such slogans as "WE ARE AMERICAN CITIZENS! ....WE WANT JUSTICE! ....
EQUITY NOW?' Then a dozen of them chained themselves to the iron
fences in front of the White House Garden, being joined by young

(8) The Secretary of State to the Ambassador of the Philippines,
March 13, 1950. FRUS, 1950, Volume VI, pp. 1419-1422.



Filipino American activists as well as Congressman Bob Filner
(Democrat, California). All of them were soon gently arrested by the
police. The sensational nature of the scene and the fact that a
Congressman was arrested made the demonstration a must for major TV
network news programs that evening (ACFV, 1999).

The above scene demonstrates that the destitute claimants for
benefit equity, who appeared on the TV screen and from that time on
before the U.S. Government and Congress, are Filipino veterans who
are at the same time U.S. citizens. In other words, the issue
suddenly turned into a civil rights matter, in which the essential
equality of citizens in U.S. society became the focus.

Congressman Bob Filner's involvement is a clear sign of this
change. Filner is a "veteran" of the Freedom Rides of 1961, who wrote
an important page in Civil Rights Movement during the era of Martin
Luther King. After teaching history at San Diego State University for
more than twenty years, Filner ran for Congress in the 50th
Congressional District of California and was elected in 1992, two
years after the enactment of the 1990 Immigration Act. His district
covers the southern end of San Diego, U.S. Pacific Fleet Base in
National City, and the city of Chula Vista, which lies on the border
with Mexico and faces Tijuana on the Mexican side.

The population of the district is uniquely divided into Latinos,
Blacks, Asians, and Whites, and Filipino-Americans account for as
much as 15%, the largest percentage in any continental states'
congressional districts and second only to Hawaii's. Like Filner,
many of his colleagues in Congress sponsoring Filipino veterans
equity bills have relatively large Filipino constituencies in their
respective voting districts.

Filner found out about the Filipino veterans issues during his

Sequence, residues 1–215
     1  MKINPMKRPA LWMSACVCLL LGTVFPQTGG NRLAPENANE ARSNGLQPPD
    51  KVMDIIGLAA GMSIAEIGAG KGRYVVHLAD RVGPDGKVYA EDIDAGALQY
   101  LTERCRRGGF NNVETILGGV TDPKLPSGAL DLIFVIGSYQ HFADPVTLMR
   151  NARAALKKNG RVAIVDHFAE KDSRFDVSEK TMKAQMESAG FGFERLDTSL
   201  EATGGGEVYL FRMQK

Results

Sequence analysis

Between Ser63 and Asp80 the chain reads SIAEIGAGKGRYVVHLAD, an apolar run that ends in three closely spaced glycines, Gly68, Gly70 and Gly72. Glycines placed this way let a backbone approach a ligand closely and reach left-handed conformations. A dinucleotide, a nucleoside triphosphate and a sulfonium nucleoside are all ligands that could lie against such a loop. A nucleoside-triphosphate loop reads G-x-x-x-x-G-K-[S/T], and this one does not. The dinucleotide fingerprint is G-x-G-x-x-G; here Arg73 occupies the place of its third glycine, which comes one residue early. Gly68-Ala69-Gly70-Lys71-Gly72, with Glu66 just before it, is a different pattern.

door-to-door election campaign. Upon election, he chose to join the
House Committee on Veterans Affairs, out of consideration for large
veteran population residing in the San Diego area.9 This decision
was, as expected very successful in expanding support for Filner, an
outspoken liberal, among non-partisan and moderate voters in the
district. That is to say, the Filipino veteran issue is an ideal item
for Filner's agenda, since it is not only an important local issue in
his district, but also a national issue through which he can
demonstrate his image as a civil rights activist.

Civil rights is a very patriotic issue that touches the heart of
every American, and this particular civil rights issue concerns a
group of veterans who fought in the foreign war that almost every
American believes was a "good war."

The circumstances surrounding the issue were significantly
changed by the amazing public exposure of the Filipino veterans
residing in the United States. At the time when naturalization
privileges were the focus of the issue, the stage of activity had
been largely confined to the courts and Congress and the veterans
themselves were unable to voice their own opinions very effectively
due a lack of legal knowledge or familiarity with congressional

In striking contrast to the silence of those days, naturalized
Filipino veterans residing in the United States became very vigorous
campaigners in the late 1990s and successfully publicized the issue
with a touring "Equity Caravan," performing "die-ins" in front of DVA
headquarters and its branches around the nation, tearing up food
stamps before crowds, going on hunger strikes, chaining themselves to
fences, and so forth.

Most of these senior citizens themselves, who otherwise would be
living in calm retirement, were not particularly adept at such
flamboyant performances, but they got plenty of help

(9) Interview with Sharon Shultze (Senior Legal Assistant to Rep. Bob
Filner), August 13, 1999.



from experienced Filipin9-American activists, who saw veterans'
demands as a potential "empowerment issue." In spite of being one of
the largest Asian groups in the United States, Filipino-Americans lag
far behind Japanese- and Chinese-Americans in the number of public
offices held and their presence in other public spheres of influence,
being often labeled "an invisible minority."

In recent years, though, keen interest in political, economic
and cultural empowerment has arisen within the Filipino American
community (Washington Post, 1998/ 10/18: A6). Though little had been
known about the Filipino veterans issues before their mass
immigration began, some community activists felt that the issue may
present an opportunity to make their political presence felt in U.S.
society, just as the Japanese American redress movement demanding
apologies and compensation from the U.S. Government for their wartime
internment had done.

It is also important for newly naturalized Filipino veterans to
establish closer ties with the Filipino-American community, not only
because they need support for the equity movement, but also because
many of them have no immediate relatives in the United States who can
support them in their daily lives.

The Filipino veterans equity movement is the first time a group
of Filipino ancestry has attracted considerable attention in the
United States since World War II. In Congress, Filipino veterans
equity bills have been repeatedly introduced by Senator Daniel Inouye
and Congressmen Filner and Gilman and have increasingly gained